The days are numbered for Olympia’s parking pay stations, which are not quite 3 years old.
City crews will install 20 single-space parking meters from two vendors on Wednesday and Thursday. The brand of meter that performs the best after 30 days — Duncan or IPS — will be chosen to replace the city’s parking pay stations this summer.
The new meters will be located at:
• Fifth Avenue between Franklin Street and Adams Street.
• Franklin Street between Fourth Avenue and State Avenue.
• Columbia Street between Legion Way and Seventh Avenue Southwest.
• Legion Way between Columbia Street and Water Street.
“So during the 30 days, we’ll be talking to people” using the meters, said Karen Kenneson, business manager for the city. The city is also inviting people to give feedback about the meters at a survey online, at www.olympiawa.gov/parking.
Meanwhile, staff will rate the meters based on their performance and give results to a selection committee, Kenneson said. The test meters will be placed in areas just outside the pay station zone. After the trial, the test meters will be replaced with the city’s standard coin meters.
The proposed meter vendor will be brought to the Olympia City Council, probably in mid-June, Kenneson said. It is hope that full installation of about 310 meters will begin in August and take between one and two months, she said.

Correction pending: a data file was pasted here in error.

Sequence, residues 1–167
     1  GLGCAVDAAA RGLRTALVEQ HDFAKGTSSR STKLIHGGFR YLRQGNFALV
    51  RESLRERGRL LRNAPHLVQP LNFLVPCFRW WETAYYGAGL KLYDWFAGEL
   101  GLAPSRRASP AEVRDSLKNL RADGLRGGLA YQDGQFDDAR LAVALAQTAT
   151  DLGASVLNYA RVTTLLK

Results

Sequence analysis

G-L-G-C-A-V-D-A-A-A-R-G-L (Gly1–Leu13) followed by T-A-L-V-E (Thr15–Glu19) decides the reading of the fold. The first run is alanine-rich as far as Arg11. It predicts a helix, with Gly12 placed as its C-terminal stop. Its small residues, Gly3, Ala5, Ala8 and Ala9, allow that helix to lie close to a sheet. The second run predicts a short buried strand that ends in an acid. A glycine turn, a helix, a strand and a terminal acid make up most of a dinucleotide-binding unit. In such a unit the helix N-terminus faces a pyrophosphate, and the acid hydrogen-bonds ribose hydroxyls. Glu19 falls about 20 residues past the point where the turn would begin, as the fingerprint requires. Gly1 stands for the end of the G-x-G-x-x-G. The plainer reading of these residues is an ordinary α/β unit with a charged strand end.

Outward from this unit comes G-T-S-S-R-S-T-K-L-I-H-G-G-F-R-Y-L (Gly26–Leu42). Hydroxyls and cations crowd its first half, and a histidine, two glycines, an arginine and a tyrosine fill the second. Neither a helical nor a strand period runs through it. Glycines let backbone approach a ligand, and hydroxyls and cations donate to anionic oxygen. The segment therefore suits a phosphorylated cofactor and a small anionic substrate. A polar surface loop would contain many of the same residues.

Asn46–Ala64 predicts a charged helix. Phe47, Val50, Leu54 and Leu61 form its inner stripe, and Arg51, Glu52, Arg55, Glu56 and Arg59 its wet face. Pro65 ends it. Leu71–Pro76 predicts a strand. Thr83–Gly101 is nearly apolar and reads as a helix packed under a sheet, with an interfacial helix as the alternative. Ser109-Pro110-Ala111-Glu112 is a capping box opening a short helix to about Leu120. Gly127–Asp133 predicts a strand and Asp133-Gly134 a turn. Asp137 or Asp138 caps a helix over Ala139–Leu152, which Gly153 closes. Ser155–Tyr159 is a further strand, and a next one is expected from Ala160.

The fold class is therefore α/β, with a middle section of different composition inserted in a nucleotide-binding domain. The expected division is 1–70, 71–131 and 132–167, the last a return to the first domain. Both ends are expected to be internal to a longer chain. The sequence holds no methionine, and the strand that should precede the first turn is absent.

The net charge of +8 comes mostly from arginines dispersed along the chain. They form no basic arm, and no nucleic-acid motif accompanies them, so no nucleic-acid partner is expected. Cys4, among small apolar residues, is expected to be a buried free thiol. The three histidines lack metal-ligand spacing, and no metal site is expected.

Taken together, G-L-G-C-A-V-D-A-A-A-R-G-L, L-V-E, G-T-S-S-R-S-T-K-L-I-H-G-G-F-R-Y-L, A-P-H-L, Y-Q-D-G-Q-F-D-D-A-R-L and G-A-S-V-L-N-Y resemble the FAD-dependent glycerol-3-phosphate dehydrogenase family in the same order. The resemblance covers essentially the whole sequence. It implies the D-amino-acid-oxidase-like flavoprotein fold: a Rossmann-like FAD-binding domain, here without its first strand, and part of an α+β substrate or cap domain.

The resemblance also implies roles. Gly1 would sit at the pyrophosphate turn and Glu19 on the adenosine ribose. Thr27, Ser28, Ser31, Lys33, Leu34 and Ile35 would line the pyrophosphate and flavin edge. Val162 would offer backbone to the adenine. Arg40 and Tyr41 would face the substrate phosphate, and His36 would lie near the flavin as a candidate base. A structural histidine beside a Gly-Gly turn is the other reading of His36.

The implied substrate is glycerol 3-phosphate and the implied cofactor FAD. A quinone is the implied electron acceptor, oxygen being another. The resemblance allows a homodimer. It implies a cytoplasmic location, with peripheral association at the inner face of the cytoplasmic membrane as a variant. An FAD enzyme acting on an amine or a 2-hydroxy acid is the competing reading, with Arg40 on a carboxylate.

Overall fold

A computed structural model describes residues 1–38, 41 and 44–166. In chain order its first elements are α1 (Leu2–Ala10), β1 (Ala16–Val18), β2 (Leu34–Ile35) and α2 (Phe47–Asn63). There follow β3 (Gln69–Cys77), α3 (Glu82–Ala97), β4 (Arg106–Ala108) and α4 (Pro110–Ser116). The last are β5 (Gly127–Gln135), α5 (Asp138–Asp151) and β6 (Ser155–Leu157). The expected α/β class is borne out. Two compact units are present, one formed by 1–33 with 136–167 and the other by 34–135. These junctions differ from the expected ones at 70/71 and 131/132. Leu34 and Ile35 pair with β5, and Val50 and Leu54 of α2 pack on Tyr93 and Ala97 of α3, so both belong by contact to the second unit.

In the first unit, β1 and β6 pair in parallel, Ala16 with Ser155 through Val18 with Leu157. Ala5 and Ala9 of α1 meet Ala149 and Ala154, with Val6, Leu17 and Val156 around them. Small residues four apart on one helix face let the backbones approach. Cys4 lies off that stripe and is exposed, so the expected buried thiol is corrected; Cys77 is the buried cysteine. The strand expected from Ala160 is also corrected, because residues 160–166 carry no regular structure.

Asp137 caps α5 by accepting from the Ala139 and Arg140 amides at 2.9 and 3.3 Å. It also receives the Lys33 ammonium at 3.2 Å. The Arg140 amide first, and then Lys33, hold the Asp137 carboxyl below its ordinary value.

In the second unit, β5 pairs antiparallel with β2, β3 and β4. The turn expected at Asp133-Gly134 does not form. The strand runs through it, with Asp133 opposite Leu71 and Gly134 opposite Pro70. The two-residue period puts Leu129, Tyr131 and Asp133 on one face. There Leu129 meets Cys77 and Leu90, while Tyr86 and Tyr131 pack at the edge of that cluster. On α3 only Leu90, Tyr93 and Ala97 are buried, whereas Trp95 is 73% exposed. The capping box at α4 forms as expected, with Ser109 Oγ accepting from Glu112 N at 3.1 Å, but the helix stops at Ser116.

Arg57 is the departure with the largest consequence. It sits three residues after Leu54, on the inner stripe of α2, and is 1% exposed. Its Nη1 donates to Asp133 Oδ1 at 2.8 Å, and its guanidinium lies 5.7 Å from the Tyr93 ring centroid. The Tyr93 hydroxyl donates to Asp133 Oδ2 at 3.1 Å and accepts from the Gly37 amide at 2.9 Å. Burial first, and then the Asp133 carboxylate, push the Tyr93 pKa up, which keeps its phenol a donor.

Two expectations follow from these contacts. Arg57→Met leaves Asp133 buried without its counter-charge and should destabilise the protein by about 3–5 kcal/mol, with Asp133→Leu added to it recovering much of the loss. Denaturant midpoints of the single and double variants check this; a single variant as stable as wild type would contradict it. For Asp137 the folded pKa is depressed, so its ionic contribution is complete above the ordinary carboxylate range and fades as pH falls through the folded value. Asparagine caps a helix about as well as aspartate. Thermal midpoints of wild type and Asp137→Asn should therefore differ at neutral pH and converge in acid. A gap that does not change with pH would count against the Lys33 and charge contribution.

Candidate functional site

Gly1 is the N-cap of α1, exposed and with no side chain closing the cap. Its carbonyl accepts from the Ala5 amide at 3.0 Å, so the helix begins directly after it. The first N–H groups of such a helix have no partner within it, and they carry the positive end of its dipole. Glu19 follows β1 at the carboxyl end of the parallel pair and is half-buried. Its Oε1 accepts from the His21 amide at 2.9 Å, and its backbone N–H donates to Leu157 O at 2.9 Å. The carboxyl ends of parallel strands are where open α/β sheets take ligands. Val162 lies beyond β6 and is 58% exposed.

Removing the pay stations and installing the meters is expected to cost $693,000.
The costs of the two brands of meters are similar. The purchase price for 330 meters (including 20 extras for repairs and replacement) is $234,000 for Duncan and $243,000 for IPS. Ongoing cost for the meters, including credit-related fees, is $35,000 for Duncan and $44,000 for IPS. Kenneson said there is no cost for the 30-day trial.
The cost of installing the new meters comes just three years after the city borrowed $725,000 to install about 50 pay stations, mainly in the formerly free 90-minute parking zone downtown.
The council moved in February to replace the pay stations after fielding complaints that they are inconvenient, hard to use and costly to maintain. With one per block in a formerly free parking zone, the 50 pay stations issue receipts that are used as proof of purchase. Their replacements will be more traditional single-space meters.
Olympia already tested 36 “smart meters” from IPS during a four-month test last year. City staff found that they spent 24 minutes maintaining the meters, compared with an average 16 hours of maintenance per week for the pay stations, according to a staff report. The city estimates it will spend $22,350 per year maintaining meters versus $46,210 for the pay stations, a $23,860 savings.
The new meters will not accept the city’s “smart card,” a prepaid debit card that some employers give to their employees. The proprietary technology is not compatible. Kenneson said the city could issue a different smart card for the new meters, but she is leaning against that because the meters accept credit cards. To work around the issue, she said a new type of parking permit could be issued.